26. On your head the divine plaited hair shines with glossy splendour like a serpent. But Śiva has only the matted hair to boast of.

27. Sandal paste is applied on your body, while the ashes of the funeral pyre on that of Śiva. Where your silken garment and where the elephant-hide of Śiva.

28. Where the divine ornaments and where the serpents of Śiva? Where the deities that move about and where Śiva, fond of goblins and their oblations?

29. Where the pleasing sound of his tabor? Where His peculiar drum called Damaru? Where the set of fine drums and the inauspicious sound of his horn?

30. Where the inauspicious sound of double drum and where the sound of his throat? There is no matching beauty between you both.

31. If He had money to spare how could He have been a naked being? His vehicle is a bull. He has no other appendages.

32. There is not even a single quality in the odd-eyed Śiva out of the innumberable qualities pleasing to women and expected in bride-grooms.

33. Your friend Kāma was burnt by Śiva. He insulted you also by leaving you off and going elsewhere.

34. His caste is not recognised. He has no learning or wisdom. His assistants are the ghosts. Poison is seen even in His throat.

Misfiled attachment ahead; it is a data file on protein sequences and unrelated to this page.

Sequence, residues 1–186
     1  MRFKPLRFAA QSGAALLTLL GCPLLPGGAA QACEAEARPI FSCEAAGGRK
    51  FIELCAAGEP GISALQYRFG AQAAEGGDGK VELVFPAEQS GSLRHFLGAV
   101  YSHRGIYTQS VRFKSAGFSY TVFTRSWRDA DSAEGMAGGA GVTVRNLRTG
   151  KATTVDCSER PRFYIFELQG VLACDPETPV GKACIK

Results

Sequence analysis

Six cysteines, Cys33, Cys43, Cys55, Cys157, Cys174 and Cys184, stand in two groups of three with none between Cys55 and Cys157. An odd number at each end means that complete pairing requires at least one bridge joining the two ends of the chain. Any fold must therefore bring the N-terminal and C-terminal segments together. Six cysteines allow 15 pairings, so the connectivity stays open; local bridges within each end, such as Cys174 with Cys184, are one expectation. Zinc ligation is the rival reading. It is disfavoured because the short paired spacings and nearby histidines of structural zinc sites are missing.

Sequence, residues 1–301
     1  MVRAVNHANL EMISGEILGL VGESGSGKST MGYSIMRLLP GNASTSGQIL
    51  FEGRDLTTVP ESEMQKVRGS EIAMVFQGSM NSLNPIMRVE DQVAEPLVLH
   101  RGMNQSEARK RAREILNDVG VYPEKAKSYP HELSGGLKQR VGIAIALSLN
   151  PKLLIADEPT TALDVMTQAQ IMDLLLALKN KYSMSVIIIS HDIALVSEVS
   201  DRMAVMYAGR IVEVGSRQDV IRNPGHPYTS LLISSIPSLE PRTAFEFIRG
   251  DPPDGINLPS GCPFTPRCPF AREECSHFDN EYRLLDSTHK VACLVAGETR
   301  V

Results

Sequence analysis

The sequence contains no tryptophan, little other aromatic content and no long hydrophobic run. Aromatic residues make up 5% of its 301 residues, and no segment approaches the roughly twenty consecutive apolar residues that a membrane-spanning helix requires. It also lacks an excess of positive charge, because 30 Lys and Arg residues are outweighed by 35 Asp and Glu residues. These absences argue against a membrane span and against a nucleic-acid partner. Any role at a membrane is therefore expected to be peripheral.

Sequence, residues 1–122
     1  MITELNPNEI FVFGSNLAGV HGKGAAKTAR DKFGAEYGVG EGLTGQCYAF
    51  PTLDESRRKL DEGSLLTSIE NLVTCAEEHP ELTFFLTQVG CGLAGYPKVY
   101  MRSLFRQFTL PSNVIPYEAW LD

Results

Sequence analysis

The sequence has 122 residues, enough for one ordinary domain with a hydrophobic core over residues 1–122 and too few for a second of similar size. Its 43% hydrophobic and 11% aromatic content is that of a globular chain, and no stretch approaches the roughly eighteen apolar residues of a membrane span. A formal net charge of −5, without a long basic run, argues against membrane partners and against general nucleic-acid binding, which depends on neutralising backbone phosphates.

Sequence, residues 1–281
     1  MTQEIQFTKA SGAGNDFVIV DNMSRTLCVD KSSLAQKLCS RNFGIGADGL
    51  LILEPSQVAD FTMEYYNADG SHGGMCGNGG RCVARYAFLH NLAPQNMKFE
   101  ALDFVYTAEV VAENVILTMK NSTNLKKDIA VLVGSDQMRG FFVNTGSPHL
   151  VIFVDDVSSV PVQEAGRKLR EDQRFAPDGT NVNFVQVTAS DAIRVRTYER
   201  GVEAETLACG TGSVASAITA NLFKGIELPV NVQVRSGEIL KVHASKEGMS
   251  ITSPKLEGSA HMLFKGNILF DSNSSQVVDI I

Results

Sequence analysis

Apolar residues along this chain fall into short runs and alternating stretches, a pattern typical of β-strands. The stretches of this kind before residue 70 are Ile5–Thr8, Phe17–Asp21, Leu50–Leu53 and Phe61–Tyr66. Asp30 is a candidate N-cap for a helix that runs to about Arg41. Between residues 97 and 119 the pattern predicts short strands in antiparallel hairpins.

35. He also moves about in isolation. He is detached from everything particularly. Hence you cannot fix your mind in Him.

36. Where your necklace and where the garland of skulls that he wears? Where your rich divine unguent and where the ash from the funeral pyre that He has on His body?

37. O divine lady, everything concerning you and Śiva, such as form, features etc. is mutually discordant. I do not like your resolution. You can do whatever you please.

38. You yourself have evolved taste for all bad objects. Turn your mind from Him. If not, do whatever you please.

Brahmā said:—

39. On hearing these words of that brahmin, Pārvatī said angrily to the brahmin who discredited Śiva.

Footnotes and references:

1.

The Chinese silken cloth is mentioned also by Kalidasa in the Śākuntala I. 34.

2.

On the five-faced feature of Śiva see Note 25 P. 46